101 Revision activities for A Level Chemistry

If I cover everything that’s in this textbook, will I get an A* in my exam?

To be fair on my students, this is something I tend to hear more from students lower down the school and less from students at A Level. At A Level, you know that exam practice is a huge part of exam success – but is it the only part?

In my experience with students, exam practice is extremely useful but you need to start off making sure you’ve covered the course thoroughly. To do this, a lot of students turn to their chapter checklists and revision guides to make notes. But this is time consuming and, more importantly, it doesn’t prepare your brain very well for synoptic content.

Random retrieval practice is a great way to revise

Retrieval practice can be a multiple choice quiz, flashcards or any exercise that makes you try to bring to mind something you’ve previously learned, without notes, to check your understanding. It is not the same as formal exam question practice, which is much more about practising the application of your knowledge to exam conditions. Making retrieval practice random makes it harder as your brain isn’t already ‘pre-prepared’ for the content you’re going to revise – but this is a good thing as it forces you to make stronger links between different topic areas.

101 revision activities – ready to go!

It’s not easy to test yourself randomly – you know what’s coming! So, on the link below you can download my free list of 101 revision activities for A Level (year 13) chemistry. Below is also my list for AS Level in case you didn’t already download it – you can combine the lists to make sure you cover the whole course.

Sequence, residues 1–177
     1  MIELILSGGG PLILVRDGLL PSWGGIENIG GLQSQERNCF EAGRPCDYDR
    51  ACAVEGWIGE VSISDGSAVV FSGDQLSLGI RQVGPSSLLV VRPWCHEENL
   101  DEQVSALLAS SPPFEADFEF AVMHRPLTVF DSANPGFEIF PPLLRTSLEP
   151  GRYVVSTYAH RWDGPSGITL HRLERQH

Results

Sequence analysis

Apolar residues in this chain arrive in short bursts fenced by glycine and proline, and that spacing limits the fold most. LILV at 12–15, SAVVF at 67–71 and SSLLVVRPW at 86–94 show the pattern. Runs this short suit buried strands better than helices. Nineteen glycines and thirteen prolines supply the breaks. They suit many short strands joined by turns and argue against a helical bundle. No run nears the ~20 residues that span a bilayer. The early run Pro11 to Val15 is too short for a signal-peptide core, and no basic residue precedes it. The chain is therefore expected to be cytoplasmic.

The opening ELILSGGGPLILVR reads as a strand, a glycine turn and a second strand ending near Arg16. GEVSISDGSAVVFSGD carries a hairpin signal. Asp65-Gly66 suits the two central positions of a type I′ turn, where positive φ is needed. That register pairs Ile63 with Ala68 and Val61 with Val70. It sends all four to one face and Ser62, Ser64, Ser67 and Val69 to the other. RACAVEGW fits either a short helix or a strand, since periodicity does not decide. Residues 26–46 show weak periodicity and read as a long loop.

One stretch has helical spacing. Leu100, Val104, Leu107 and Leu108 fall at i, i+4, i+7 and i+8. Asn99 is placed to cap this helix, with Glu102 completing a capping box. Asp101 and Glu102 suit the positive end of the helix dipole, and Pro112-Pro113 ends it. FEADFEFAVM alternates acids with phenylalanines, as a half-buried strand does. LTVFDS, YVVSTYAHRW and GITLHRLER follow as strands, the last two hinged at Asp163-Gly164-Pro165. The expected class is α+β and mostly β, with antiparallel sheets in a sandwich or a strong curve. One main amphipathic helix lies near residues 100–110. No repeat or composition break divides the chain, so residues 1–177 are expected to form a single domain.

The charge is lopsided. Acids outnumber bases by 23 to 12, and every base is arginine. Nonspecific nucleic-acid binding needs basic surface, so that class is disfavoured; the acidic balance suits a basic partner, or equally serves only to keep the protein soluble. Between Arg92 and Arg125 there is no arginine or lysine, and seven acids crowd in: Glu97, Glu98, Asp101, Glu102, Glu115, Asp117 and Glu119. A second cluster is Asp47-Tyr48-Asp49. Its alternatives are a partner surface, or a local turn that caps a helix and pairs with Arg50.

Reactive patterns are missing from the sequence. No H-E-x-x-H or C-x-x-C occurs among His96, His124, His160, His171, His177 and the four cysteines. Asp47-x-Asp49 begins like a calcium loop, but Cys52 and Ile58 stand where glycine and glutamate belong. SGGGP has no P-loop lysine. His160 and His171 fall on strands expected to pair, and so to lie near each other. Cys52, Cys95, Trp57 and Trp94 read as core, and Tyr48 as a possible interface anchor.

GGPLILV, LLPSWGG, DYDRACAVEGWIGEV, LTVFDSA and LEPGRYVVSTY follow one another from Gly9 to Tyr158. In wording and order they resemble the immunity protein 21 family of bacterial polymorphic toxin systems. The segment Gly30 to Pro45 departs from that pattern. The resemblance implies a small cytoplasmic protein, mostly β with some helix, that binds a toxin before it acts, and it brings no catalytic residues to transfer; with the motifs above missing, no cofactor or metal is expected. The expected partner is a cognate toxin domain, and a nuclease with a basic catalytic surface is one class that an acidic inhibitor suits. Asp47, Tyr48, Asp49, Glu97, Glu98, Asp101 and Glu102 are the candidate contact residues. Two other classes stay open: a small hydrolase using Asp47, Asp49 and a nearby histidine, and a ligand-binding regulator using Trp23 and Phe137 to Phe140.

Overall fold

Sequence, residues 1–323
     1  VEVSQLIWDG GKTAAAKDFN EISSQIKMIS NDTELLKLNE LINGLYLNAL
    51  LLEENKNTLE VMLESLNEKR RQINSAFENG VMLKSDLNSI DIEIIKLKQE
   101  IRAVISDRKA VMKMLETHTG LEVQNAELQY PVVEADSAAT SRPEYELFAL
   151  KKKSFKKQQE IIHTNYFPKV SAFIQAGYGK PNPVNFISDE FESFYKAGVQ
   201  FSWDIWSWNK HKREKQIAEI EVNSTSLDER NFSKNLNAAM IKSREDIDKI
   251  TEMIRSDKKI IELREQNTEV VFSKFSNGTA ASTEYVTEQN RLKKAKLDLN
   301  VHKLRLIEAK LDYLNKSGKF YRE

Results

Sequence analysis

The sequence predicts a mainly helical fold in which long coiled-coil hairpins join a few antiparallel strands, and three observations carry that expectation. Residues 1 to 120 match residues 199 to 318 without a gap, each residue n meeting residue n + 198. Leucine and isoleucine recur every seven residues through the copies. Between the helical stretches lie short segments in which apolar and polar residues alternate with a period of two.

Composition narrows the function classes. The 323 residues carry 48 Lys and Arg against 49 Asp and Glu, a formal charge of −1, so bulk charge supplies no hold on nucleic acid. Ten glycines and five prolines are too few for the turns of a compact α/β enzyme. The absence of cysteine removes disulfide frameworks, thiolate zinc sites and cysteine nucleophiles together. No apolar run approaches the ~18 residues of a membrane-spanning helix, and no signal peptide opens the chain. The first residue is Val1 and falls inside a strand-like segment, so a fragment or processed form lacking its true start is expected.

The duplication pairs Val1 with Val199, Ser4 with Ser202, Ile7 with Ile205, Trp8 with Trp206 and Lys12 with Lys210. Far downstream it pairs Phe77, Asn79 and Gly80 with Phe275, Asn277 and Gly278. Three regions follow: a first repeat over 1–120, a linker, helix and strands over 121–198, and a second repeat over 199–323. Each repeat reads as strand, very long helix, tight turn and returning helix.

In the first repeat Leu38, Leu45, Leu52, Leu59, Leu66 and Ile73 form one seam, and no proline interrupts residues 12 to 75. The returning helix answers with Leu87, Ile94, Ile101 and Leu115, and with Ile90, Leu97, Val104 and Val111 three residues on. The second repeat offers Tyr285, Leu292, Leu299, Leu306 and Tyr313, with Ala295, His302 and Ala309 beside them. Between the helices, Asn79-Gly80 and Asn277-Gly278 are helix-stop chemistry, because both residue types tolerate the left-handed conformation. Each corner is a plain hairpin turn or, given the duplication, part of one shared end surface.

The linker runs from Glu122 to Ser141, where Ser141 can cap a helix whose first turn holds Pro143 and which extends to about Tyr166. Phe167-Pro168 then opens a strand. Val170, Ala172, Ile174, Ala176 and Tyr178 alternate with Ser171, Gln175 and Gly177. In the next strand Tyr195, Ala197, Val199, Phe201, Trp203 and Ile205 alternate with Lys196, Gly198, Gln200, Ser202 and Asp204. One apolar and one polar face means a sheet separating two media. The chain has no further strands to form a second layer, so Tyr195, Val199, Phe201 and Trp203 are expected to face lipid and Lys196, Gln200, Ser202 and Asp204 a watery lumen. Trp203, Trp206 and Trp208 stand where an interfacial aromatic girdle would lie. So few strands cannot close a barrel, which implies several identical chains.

How to use the list:

You could work down the list sequentially, but it’s better to do it randomly. There are lots of ways to generate random numbers – most digital assistants, web browsers and calculators have this function.

The important thing is not to cheat yourself – you need to do these revision tasks from memory before checking your notes to see if you’ve missed anything. If you can’t do it, then go back over your notes and make yourself a mind map or flashcard(s) on the topic – but do not tick ‘done’. Leave the box unticked so you can go back to it and test yourself properly the next time it comes up.

If you look it up in your notes and still don’t know how to complete the task, tick the ‘need to ask’ box and ask your chemistry teacher, tutor or someone else who knows what they’re talking about. Again, make notes on it but do not tick ‘done’ until you have had a chance to test yourself again from memory.

The tasks are meant to be relatively easy to check, but if you’re not sure then ask your teacher – this is also a great way for you to get more comfortable doing this as it’s probably something your teacher really wants you to do! If you’re really stuck you can email me: claire@ckchemistry.co.uk or message me on FaceBook or Instagram.

Looking for more help to raise your grade in A Level Chemistry? Check out my online masterclasses running until June.

Claire Costello-Kelly

Claire Costello-Kelly

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